Tuesday, October 26, 2010

Hergé: Cigars of the Pharaoh

Today in Tintin Week, we're featuring a review of "The Cigars of the Pharaoh," the fourth published comic book in "The Adventures of Tintin" and an immediate prequel to "The Blue Lotus." Though it is not as well known (or as highly regarded) as its sequel, "Cigars" marks the crucial transitional period in Herge's writing, as he transitions from stereotyped location-driven fantasies to highly researched action-adventure escapades.

“Cigars” begins as Tintin is returning from a cruise vacation that had taken him from Shanghai in China to Port-Said in Egypt. He meets the deliciously daft Sophocles Sarcophagus, who shows him a papyrus with the secret location of the lost tomb of Pharoah Kih-Oskh. Dr. Sarcophagus is an early version of the absent-minded professor type that would ultimately lead Hergé to invent Professor Cuthbert Calculus, first introduced in “Red Rackham’s Treasure” and a regular recurring character in later stories.

Tintin is also investigated and arrested by Detectives Thomson and Thompson – this is their first appearance in the “Adventures," besides a brief showing that was ret-conned into “Tintin in the Congo." Their presence here is very different here than in later stories.  Where Hergé would ultimately make them laughably dense – often using them to parody European stereotypes of foreign cultures – in this adventure the twins are at least moderately efficient, and save Tintin’s life on several occasions (though they are of course outmatched whenever they try to arrest him).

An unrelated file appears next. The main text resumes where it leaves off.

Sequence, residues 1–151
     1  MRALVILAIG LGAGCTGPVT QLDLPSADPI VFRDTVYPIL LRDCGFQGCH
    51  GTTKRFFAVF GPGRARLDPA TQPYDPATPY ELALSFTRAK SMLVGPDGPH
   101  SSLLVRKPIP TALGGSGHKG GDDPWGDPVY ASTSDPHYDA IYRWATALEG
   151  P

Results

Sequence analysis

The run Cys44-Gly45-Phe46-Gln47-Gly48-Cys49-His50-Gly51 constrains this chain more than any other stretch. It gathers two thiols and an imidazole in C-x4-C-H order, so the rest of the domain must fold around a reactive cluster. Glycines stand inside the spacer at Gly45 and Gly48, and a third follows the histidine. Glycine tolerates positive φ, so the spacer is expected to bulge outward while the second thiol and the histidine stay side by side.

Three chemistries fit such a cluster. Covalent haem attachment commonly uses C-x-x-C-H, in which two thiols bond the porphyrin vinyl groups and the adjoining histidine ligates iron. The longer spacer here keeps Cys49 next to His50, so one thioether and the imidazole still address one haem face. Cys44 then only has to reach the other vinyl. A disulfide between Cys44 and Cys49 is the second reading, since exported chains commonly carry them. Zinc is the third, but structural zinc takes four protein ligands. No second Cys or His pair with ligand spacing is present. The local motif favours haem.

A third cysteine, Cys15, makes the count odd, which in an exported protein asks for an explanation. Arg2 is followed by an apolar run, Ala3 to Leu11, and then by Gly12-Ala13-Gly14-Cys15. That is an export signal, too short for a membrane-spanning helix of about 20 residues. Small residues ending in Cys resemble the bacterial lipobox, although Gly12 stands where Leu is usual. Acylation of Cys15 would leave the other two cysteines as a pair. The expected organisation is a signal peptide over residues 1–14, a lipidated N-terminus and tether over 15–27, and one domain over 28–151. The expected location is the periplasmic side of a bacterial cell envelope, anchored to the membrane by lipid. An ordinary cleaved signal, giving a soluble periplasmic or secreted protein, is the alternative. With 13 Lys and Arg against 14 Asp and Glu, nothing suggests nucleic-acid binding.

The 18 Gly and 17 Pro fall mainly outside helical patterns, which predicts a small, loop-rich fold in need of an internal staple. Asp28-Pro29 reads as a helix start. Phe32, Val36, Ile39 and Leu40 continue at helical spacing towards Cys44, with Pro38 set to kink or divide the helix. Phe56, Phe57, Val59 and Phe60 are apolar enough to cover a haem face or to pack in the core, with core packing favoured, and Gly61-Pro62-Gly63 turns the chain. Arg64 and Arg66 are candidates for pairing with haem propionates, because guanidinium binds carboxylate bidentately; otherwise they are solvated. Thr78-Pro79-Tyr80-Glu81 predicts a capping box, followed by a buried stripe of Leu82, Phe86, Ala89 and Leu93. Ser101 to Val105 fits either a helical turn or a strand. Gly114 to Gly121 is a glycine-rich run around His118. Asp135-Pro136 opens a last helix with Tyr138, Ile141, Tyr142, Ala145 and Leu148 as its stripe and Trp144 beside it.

Tintin also encounters Mr. Rastapopoulos on the cruise ship, and the set up for this character is brilliant, almost worthy of Hergé’s most mature work. On the ship Rastapopoulos is introduced as a random uncivil clod, much like other one-off characters, but a later random encounter in the desert reveals him to be a wealthy filmmaker who is friendly to Tintin. Their initial tension overcome, the reader is made to feel confident in Rastapopoulos’ character, notwithstanding the frequent (and sometimes glaring) hints that he isn’t trustworthy. Only by the end of “The Blue Lotus” is his true nature revealed: Rastapopoulos is the head of the international ring of opium smugglers and in general a Very Bad Man. He becomes a recurring villain in many of Tintin’s later adventures, such as “The Red Sea Sharks.”

The comic book is set in three primary locations: Egypt, Arabia, and India. Unfortunately, while these locations are depicted in a more realistic manner than Hergé’s earlier works, they seem to occupy a world in which Arabia borders the Indus River. At one point, Tintin flies away from a (distinctly Arab) desert city, only to find himself within the hour flying over a (distinctly Indian) jungle with (lions) tigers (and bears). Oh my. Needless to say, the transitions are a bit iffy.

As for the plot, it is borne on so many escapades and plot devices that description is bland even when reading is a thrill. Suffice it to say that there are Bad Guys, that Tintin meets these Bad Guys and interferes with their Insidious Plans without realizing the trouble he’d gotten himself into, and ultimately brings said Bad Guys to justice with wit, charm, and an ample helping of awesome. What more could you possibly ask for?

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